March 28, 2015
SXSW 2015

6 Things You Can Learn from the Insane Post-Production Process Behind 'Boyhood'

If remembering what you were shooting & editing on in 2002 makes you cringe, imagine Richard Linklater and his crew filming Boyhood on an evolving assortment of different cameras, lenses, and color stocks for 12 years.

What was the 13th year like for the post-production team? A real can of worms! At the SXSW 2015 panel, Boyhood Post-Production: 13th Year of a 12 Year Movie, members of the post-production team explained how they dealt with the process, and here are the top five takeaways. 

Editing Is About Finding Poignant Moments, Not Sticking to a ont

According to Boyhood editor Sandra Adair, Richard Linklater would shoot for 3-4 days every year, and she’d work a month each year. Every new year, they’d watch previous years and have a conversation about what might happen the following year so Linklater could develop what would happen next in the story. He’d know the outgoing shot was for the previous year so he would know the incoming shot for the next year.

“It was kind of a Zen process to not worry about what was coming next, not have to know ending. I focused on pulling moments that resonated with me each year. I didn’t know what it would develop into, but I would try to pull moments to make each year as poignant as possible. We edited 9 other films in the course of making Boyhood.”

Some Films Don’t Need an Original Score

Adair explained that they initially thought they would have a score, and they had a composer create drafts of music. However, at one point, Linklater made the decision that crafting a score was “trying to add too much of ourselves.” In the end, they opted to use songs that rang true to the period of time in the film instead. Adair says:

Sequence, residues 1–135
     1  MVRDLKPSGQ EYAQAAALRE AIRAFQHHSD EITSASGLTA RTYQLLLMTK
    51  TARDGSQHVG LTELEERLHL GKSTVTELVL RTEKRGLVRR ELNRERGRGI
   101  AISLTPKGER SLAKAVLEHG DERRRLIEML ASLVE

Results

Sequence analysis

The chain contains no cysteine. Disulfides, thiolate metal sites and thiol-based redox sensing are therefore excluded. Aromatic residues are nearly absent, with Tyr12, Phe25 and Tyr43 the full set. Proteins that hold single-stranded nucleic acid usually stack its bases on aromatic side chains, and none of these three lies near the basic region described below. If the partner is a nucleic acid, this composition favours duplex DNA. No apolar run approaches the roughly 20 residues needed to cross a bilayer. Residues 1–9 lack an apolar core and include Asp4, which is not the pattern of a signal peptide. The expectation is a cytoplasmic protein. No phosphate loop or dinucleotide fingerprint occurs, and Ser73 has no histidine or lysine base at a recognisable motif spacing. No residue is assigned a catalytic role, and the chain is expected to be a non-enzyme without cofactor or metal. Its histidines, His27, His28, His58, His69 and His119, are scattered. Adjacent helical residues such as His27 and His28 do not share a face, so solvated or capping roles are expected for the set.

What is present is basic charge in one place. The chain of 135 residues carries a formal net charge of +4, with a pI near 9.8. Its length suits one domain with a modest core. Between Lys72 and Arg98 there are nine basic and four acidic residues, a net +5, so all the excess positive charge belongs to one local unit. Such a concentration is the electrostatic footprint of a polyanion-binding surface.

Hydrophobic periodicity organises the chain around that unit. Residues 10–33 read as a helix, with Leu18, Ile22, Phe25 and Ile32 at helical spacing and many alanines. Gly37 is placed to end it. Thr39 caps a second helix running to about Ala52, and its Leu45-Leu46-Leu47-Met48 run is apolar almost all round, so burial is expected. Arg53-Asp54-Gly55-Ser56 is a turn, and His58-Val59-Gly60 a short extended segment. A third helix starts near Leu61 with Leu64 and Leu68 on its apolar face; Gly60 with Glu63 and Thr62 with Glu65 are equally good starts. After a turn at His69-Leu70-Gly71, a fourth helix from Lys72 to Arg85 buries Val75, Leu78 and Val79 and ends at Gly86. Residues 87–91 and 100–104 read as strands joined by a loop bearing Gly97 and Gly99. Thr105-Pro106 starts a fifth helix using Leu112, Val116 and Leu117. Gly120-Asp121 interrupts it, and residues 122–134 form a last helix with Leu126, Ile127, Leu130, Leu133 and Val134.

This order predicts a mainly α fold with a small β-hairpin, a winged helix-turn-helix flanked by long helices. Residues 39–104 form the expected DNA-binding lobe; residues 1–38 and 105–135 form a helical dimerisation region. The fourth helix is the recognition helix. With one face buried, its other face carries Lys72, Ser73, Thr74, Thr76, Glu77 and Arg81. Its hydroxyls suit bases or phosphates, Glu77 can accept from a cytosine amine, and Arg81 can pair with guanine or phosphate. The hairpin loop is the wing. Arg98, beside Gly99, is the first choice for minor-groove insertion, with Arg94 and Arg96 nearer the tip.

“Each character would have their own music tastes. Finding music that works with the picture edit and works for character is tough -- We accumulated lists of the tops songs on the charts starting in 2002, 2003 and burn CDs which we gave to ‘music consultants’ [their kids]. They would write a paragraph about each song, like “I remember this song when were driving to soccer practice” or “my sister loved this song, but all the boys hated it.”

No Matter How Bad It Is, Your Online Can’t Be as Bad as Boyhood

About 10 years ago, the common standard when shooting on film was to offline to SD video, eventually returning to film for the final output. Then quickly, according to Boyhood colorist, digital compositor, and digital intermediate editor Parke Gregg of Stuck On On, the industry forgot that standard altogether. (Yup, we finally saw the end of the film-out.) In the beginning, Boyhood was edited on a little consumer system (going back to FCP 3!) The plan was to transfer from Cinema Tools and telecine to Standard Def MiniDV tapes, turning 30 frames into 24. On other productions today, when someone can just ask you to send a high def file, that was never an option on Boyhood! All the editing decisions had to be made on what Adair describes as a very degraded standard def image on 18 inch Sony TVs. Gregg described the DI phase this way:

“We got Cinelicious to go back to scan for the DI. The way you would have done that in the past, is give them a cut list, with the lab roll, keycode, cut here, etc. But they don’t do that anymore. They want timecode. So somebody had to go and find every lab roll hole punch at the beginning of the tape and write it down. A Labroll is 10 minutes, a tape is 60 mintues. Eventually we got our cut list to EDL, and Cinelicious pulled it based on time code. When it came to Telecine 35mm to DVcam tape, we gave the specs to telecine. The guy was like, I don’t know if have the telecine machine anymore! If we do, we haven’t turned it on since last year, when you were here. The day after we finished, they probably sent it to the recycling plant!”

Boyhood Screenplay Now Available For Your Consideration

Contact Rightsholders Early, But Not Too Early